Information Technology Internet

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    A string of daring attacks in recent weeks on high-profile organisations and companies including the CIA and Sony  has shone light on the exploits of a hacking collective, seen by cyberexperts as part-criminal gang and part-performance artists, reported the FT.

  • Cramer makes the call on viewers' favorite stocks.

  • Hulu Plus on an iPad

    Hulu is headed toward the auction block — it's retained investment bankers Morgan Stanley and Guggenheim partners to assist with a sale that will open to bidders in two weeks, according to the LA Times.

  • See what's happening, who's talking and what will be making headlines on Thursday's Squawk on the Street.

  • Netflix

    Netflix just can't stay out of the spotlight-such is the plight of a company whose stock is up 106 percent in the past 12 months and whose technology could pose a major threat to satellite and cable TV operators, not to mention TV networks.

  • See what's happening, who's talking and what will be making headlines on Wednesday's Squawk on the Street.

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    It's been a long, hot recession and many of us are tempted now that we're seeing some signs of recovery to say, "Take this job and shove it!" Before you do, read these tips to help you master the art of quitting.

  • Kinect:  New Ways To Have Fun

    An inside look at Microsoft's programming studio and how the world's first controller free gaming device was conceived, with Shannon Loftis, Microsoft Good Science Studio director and CNBC's Tyler Mathisen.

  • Renren: The Facebook of China

    Is the Chinese internet company delivering on the hype surrounding its IPO? Insight, with Joseph Chen, Renren chairman/CEO; David Simon, Twin Capital Management, and CNBC's Herb Greenberg.

  • Microsoft Kinect

    One bright spot at Microsoft is the company's gaming and home entertainment division. It is relying on Xbox 360 and Kinect to create new buzz and consumer demand for a firm that has struggled in recent years.

  • The Erotic Engine

    "Mainstream companies, of course, are often too risk-averse to emulate the porn industry’s embrace of new media. But even if you’re not ready to make the leap, it is worth paying attention to the porn industry – the latest tech trends in porn are a strong predictor of the next big thing for mainstream," writes the author.

  • 19-Year Old Hacker Arrested in London

    Computer security firm McAfee is fighting fire with fire by hiring hackers to help them combat hacking, with Stuart McClure, McAfee and CNBC's Eamon Javers.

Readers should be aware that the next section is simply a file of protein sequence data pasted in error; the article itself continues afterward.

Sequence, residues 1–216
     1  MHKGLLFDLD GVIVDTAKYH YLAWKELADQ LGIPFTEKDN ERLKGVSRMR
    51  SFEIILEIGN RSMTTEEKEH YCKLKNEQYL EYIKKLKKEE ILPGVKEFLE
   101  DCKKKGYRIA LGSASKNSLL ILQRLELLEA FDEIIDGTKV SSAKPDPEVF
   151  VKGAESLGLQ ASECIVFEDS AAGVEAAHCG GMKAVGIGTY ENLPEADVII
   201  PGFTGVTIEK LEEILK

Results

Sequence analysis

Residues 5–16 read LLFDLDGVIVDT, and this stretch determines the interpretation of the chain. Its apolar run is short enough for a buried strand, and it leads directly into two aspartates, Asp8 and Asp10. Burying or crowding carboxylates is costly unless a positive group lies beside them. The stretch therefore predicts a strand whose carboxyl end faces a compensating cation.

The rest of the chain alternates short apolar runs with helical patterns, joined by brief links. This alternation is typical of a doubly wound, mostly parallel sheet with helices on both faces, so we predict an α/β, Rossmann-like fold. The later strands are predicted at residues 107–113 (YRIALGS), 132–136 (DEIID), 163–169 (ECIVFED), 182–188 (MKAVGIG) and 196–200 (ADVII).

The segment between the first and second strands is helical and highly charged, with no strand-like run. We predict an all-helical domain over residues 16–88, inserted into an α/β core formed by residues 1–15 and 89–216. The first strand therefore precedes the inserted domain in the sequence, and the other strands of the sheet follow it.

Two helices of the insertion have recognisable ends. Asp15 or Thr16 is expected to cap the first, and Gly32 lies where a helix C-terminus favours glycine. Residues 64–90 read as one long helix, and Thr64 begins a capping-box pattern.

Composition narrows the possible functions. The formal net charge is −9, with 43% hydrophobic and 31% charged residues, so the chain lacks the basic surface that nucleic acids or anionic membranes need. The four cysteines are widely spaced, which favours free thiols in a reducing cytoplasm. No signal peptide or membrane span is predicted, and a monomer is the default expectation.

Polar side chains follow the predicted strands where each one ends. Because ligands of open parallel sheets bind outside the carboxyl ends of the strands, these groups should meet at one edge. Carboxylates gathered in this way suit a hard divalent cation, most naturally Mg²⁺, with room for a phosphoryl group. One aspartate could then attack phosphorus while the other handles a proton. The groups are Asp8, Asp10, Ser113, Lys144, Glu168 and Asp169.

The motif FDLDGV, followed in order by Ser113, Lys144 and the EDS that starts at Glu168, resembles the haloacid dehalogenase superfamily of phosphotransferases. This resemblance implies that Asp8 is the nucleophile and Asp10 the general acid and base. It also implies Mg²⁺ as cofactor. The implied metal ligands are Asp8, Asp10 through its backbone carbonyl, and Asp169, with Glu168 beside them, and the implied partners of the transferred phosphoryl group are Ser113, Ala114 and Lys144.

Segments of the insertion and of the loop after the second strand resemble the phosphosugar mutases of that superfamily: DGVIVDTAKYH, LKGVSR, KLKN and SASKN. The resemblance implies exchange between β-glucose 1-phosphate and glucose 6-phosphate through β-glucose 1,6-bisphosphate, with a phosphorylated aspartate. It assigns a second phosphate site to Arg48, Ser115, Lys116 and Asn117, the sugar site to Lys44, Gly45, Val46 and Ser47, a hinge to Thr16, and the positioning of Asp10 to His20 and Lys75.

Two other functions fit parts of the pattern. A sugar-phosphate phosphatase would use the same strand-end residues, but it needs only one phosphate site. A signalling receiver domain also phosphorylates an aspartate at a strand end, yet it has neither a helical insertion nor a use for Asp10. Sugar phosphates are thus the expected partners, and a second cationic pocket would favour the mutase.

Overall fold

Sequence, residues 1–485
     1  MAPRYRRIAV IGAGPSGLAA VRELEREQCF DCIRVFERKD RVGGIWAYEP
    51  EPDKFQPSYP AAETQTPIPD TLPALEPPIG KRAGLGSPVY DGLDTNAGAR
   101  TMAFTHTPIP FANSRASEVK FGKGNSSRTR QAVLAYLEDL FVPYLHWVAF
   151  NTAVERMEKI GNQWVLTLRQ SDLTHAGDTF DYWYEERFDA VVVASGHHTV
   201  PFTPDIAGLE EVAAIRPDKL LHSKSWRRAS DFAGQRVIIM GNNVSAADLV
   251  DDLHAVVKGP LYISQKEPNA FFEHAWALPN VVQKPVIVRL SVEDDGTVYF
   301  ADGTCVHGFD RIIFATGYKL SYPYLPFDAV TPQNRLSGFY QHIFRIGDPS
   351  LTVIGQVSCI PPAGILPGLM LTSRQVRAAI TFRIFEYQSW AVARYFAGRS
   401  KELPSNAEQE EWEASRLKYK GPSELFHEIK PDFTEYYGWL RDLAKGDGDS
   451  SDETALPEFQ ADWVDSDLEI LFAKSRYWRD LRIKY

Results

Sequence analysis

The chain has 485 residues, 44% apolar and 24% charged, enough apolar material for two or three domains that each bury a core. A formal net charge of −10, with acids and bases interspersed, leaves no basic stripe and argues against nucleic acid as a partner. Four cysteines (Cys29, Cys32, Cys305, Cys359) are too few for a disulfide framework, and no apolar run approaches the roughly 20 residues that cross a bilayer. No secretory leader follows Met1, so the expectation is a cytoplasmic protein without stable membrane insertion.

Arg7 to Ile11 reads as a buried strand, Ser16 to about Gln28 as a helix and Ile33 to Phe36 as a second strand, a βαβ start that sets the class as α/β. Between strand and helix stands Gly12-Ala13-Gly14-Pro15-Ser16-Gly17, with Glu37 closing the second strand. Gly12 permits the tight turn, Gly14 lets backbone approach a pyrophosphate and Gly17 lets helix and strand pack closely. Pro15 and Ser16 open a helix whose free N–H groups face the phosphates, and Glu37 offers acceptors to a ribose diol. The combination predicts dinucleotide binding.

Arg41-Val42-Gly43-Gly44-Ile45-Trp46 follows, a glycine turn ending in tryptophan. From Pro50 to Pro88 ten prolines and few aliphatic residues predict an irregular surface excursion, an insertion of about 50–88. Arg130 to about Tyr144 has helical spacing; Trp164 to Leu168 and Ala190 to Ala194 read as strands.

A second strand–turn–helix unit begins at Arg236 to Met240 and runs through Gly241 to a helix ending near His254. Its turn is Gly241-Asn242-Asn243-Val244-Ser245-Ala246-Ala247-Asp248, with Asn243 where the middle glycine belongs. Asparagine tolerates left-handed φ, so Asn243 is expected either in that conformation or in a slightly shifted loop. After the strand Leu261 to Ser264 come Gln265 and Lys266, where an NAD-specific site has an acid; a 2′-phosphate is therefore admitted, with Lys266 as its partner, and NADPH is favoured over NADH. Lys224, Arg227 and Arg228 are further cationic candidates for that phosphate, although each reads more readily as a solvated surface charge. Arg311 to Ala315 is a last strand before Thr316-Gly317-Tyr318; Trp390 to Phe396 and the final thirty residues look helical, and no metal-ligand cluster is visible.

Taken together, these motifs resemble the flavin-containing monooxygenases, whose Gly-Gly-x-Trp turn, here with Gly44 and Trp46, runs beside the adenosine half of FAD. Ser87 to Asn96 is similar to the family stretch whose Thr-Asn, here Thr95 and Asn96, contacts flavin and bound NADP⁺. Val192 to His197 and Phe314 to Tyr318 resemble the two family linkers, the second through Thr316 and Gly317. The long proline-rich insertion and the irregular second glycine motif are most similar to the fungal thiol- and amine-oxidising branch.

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    A British teenager has been arrested by officers investigating the LulzSec and Anonymous hacker groups, believed to be responsible for attacks on Sony, the U.S. Senate, the CIA, Britain's Serious Organised Crime Agency and News Corp.

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    Bitcoin, the peer-to-peer digital currency is under fire...My colleague John Carney writes about how the Bitcoin "HackCrash" raises doubts about the viability of virtual currency. But the folks behind the currency are pushing very hard to make it legit.

  • See what's happening, who's talking and what will be making headlines on Tuesday's Squawk on the Street.

  • Many states are deep in the hole looking to close the budget gap and lawmakers are looking for ways to collect taxes. Collecting taxes from online retailer may help the bottomline. Estimates of as much as $23 billion yearly could be collected. The challenge: how do states collect it?

  •  Yu Yu: The Amazon of China

    Discussing strategy and potential growth of the Chinese internet company, with Peggy Yu Yu, Dangdang co-founder and executive chairwoman.

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    While Silicon Valley and Wall Street debate whether a new technology bubble is in the making, some early Facebook employees are not taking any chances. They’re leaving the company to cash out on millions of dollars in stock options while Facebook’s valuation continues to soar, the New York Times reports.

  • Woman using a computer

    In the rankings of the world’s most powerful supercomputers, a Japanese machine has earned the top spot with a performance that essentially laps the competition, the New York Times reports.

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    One of the biggest changes in the history of the Internet could be set into motion Monday. Whether that is a good thing or a bad thing remains open to fierce debate, as the New York Times reports.